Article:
From Critique and Postcritique by Elizabeth S. Anker and Rita Felksi, pg 21
The diagnostic quality of critique is often unmistakable. Diagnosis, of
course, has its origins in the practice of medicine, even as the term is frequently
applied to other domains (the mechanic examining a defective car, the pundit
weighing in on the state of the economy). In a clinical context, diagnosis refers
to the act of identifying an illness by investigating and interpreting symptoms.
Three aspects of diagnosis seem especially pertinent: the presence of an expert (doctor, scientist, technician) who is engaged in the scrutiny of an object
in order to decode certain defects or flaws that are not readily or automatically apparent to a nonspecialist perspective. A diagnosis is both a speech act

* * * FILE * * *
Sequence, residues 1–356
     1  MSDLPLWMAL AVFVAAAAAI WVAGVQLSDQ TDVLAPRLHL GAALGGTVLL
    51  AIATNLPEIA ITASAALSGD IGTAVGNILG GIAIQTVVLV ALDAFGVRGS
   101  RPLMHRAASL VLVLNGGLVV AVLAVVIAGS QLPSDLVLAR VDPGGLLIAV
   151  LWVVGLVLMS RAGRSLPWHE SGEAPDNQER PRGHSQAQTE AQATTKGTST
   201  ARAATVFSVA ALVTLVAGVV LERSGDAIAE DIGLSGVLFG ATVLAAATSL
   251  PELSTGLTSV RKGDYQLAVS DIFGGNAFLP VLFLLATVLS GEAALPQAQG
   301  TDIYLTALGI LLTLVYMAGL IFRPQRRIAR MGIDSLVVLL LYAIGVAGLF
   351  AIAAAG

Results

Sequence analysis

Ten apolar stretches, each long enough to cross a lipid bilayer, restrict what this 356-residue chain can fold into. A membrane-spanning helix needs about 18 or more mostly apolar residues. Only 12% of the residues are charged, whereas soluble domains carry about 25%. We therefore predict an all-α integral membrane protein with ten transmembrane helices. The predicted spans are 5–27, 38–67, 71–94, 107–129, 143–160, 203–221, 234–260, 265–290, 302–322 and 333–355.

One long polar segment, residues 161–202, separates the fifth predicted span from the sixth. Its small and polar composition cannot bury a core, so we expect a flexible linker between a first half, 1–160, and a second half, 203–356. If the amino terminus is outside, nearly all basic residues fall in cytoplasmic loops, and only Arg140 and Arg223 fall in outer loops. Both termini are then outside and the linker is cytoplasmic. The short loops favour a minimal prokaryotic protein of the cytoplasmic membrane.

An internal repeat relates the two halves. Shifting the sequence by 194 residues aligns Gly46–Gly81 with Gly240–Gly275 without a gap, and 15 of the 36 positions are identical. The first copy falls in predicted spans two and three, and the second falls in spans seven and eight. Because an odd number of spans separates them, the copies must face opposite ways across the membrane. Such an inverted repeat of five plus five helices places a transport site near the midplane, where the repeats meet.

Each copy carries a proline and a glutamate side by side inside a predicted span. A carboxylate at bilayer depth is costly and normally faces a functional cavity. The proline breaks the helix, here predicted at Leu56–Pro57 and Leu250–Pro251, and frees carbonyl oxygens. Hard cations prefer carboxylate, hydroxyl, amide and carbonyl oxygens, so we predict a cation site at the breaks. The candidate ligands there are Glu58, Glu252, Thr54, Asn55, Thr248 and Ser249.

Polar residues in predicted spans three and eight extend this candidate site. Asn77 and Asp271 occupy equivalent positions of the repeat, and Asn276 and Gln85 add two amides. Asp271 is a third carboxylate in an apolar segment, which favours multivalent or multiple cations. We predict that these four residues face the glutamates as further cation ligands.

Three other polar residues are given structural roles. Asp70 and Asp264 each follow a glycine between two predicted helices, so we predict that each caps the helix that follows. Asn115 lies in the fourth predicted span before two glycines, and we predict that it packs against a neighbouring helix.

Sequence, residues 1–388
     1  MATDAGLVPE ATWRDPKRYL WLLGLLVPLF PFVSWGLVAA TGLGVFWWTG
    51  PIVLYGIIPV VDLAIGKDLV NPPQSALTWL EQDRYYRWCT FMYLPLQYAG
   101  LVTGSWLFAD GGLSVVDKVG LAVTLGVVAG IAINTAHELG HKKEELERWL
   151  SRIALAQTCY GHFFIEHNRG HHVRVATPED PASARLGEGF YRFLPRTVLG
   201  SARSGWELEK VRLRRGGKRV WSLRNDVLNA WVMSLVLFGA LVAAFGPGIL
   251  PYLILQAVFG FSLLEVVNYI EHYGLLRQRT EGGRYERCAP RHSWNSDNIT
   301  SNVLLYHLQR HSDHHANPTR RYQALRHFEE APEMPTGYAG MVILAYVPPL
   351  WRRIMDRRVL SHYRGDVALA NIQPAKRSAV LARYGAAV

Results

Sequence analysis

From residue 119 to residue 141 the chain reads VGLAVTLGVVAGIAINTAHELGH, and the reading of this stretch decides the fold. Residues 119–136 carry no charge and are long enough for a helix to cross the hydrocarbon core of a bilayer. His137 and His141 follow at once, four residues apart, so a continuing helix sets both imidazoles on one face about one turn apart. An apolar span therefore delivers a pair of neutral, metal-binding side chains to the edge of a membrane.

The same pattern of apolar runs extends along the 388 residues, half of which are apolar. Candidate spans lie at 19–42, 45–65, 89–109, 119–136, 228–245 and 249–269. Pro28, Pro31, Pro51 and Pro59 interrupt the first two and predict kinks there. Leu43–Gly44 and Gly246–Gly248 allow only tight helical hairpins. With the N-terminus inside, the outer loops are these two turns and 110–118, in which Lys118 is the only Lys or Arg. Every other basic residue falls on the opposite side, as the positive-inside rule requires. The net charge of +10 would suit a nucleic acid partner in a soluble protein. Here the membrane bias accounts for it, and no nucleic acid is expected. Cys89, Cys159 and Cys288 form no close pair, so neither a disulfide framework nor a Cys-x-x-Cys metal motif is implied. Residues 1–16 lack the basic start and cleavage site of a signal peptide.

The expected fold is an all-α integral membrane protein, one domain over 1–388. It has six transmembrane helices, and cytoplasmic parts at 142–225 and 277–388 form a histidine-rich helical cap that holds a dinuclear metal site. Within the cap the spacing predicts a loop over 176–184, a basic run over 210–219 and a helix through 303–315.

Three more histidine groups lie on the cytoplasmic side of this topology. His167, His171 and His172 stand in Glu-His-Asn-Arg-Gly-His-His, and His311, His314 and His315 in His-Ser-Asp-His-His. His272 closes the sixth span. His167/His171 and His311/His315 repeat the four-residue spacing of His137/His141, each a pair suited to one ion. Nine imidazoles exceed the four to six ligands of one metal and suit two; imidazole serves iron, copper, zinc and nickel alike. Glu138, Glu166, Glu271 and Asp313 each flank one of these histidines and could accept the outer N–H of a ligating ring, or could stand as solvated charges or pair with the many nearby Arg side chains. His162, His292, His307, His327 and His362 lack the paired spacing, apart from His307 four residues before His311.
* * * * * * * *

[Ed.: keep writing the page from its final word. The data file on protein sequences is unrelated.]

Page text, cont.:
and a stance or orientation: one that is predicated on the revelatory force of
an examining gaze. To diagnose is to look closely and intently, in the belief
that such scrutiny will bring problems to light that can be deciphered by an
authoritative interpreter. The stance is one of judicious and knowledgeable
It is also oriented towards practical reasoning (“what shall we do about this?”) even if the proposed solutions are inflected through the social relations of the diagnostic situation; can diagnosis be unhooked from hierarchical relations and orientated towards a problem solving which is simultaneously practical and analytical?